Granted the $10 million per year being spent on the angel tax credit isn’t that large but over the three year period, this amounts to more than what the Georgia Firefighters’ Pension Fund will invest in all private equity (not just venture capital) now that they’re allowed to do these investments. The GFPF amounts to about $500m in total assets and they can invest at most 5% ($25m) in private equity. Oh yeah, any fund they invest in has to have $100m in assets before they invest their money. So don’t look at the passage of HB 249 as something that will change the local funding landscape. That said, I’m happy that Georgia firefighters now have the ability to diversify their pension fund and increase their overall returns. We should (and I will) support any venture fund they invest in so as to show other funds (pension or not) what a mistake they’ve been making by not investing in private equity.
Back to the topic at hand. If we took this $10m in tax credits and instead had the state of Georgia become an LP in new Georgia based venture funds, imagine what an impact that could make. Perhaps 1-3 new venture funds each year created in Georgia over a 3 year life cycle (this assumes that the state isn’t the only LP in these funds since I think that would be a huge mistake). These funds would be motivated to find and fund some great startups so as to show positive returns and then raise a second fund a few years later. Local angels would want to fund startups that these venture funds could then take and provide further funding to. That is something I could get behind in terms of impact and change to the local landscape.
Finding the Money
The other issue I’ve had since the beginning was where the money came from to pay for this tax credit. I’ve already said I know that the cut of the tax credit for the poor and this angel tax credit were originally different issues. But why not just get the rich to pay for this tax credit in the first place? Let’s look at the numbers.
According to this chart (which may be inaccurate but is probably right in terms of size) there are 155,537 households in Georgia that make $200,000 or more annually. This number is important because that is the line that defines an accredited angel investor - presumably only these people will be taking advantage of the angel tax credit in the first place.
As a side note, this chart shows there are 587,435 households who earn less than $20,000/year. These are the folks that just lost their tax credit as a part of HB 1069. 587,435 poor households lost a tax credit so that 155,537 rich household could get a tax credit. I’ll quit harping on this issue, I promise.
So if these 155,537 households could potentially gain from this tax credit, why not tax them some small amount so as to fund the tax credit. Raising $10m from these households would take at most an increase in their tax rate of 0.021% and realistically it would be much less. So their top tax rate in Georgia would go from 6% to maybe 6.021%.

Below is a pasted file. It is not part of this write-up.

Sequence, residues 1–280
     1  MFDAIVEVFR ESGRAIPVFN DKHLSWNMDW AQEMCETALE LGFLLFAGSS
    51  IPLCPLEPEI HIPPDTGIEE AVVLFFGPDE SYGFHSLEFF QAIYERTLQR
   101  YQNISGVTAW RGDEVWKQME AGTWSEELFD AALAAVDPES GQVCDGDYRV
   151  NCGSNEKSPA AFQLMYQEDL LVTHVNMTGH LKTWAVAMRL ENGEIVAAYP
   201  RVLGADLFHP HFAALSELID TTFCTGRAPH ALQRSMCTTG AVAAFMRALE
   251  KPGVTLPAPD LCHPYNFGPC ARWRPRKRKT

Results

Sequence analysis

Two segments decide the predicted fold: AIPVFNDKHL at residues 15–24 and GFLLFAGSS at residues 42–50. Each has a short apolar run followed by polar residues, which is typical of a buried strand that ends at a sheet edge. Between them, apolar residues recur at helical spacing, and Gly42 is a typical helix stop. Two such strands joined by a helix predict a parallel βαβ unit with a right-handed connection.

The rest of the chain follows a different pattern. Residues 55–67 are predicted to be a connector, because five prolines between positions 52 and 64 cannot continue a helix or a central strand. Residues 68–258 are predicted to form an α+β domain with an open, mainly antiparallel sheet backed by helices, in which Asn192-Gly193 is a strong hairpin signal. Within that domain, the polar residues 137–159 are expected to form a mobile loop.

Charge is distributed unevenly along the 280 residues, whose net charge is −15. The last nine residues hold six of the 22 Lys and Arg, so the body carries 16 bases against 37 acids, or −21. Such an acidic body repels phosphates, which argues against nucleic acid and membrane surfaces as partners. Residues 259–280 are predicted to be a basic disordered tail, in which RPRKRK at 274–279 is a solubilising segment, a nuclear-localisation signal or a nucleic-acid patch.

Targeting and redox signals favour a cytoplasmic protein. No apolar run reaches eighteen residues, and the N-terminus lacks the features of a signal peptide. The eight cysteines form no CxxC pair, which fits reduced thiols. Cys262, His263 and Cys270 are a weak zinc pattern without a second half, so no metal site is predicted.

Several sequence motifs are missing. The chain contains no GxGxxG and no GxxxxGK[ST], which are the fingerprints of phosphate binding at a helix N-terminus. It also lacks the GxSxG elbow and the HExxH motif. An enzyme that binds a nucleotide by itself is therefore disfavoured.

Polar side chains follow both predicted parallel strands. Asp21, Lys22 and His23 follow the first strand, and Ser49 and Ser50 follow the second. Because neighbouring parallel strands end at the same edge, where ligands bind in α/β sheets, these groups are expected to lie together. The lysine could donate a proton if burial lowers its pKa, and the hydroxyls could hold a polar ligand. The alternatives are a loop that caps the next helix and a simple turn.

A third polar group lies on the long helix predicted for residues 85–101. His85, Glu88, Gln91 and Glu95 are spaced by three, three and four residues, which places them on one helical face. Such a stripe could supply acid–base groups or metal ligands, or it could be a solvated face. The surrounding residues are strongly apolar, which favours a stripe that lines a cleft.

Yes, that seems like you’re just taking money from people to just give it back to them later. But honestly there aren’t 155k+ angels in Georgia - if there are, Startup Lounge and Startup Riot need bigger venues.
So most of these households aren’t involved in investing for the future of the state. In fact, a number of people have told me they would be shocked if we hit the full $10m tax credit in any of the three years that the angel tax credit law applies. But these folks are prospering and are an asset that we should tap. How do we do that? Create a situation where they are penalized for not being involved but rewarded if they are. Most entrepreneurs realize that an angel’s money is only one part of the equation - their expertise is often invaluable.
The angels that are actively involved would get the benefit for leveraging their money and expertise in helping to improve and propel the state forward. Still can’t stand having a tax applied to the rich and not letting them get any benefit for it? Fine, let’s give them a tax credit for investing into Georgia based venture funds as limited partners - that would start moving us in the right direction of freeing up additional capital for funding startups.
Okay, so that’s what I could get behind. An approach that incents the behavior we need (more people with money and expertise involved) as well as building up resources (venture capital) that are much more needed than just more angel investing.
Again, I’m happy to take comments, criticisms, or observations on any and all of this. I prefer you comment publicly so your insights can be debated (as mine will be, I’m sure - especially the thought that these ramblings are indeed “insights”) but if you must, you can reach out to me via phone, email, twitter, or in person and share your agreement or disagreement with anything I’ve written. I won’t publish anything you tell me unless you specifically tell me that I can share your name.
One last note, the extremely awesome (I live here - so plug!) Gwinnett Chamber of Commerce is holding an event this Friday to discuss the angel tax credit. Even though I disagree with a good bit of this bill, if it can be used to improve startups in Georgia, we’ll have a case study that we can use to get legislators to pass additional bills that can help out our community and the state as a whole. Unfortunately I won’t be able to go but if you do, take good notes and let me know what I missed!
Thanks for participating in this exercise and hopefully by doing so we can improve our state (and our nation) in the long run!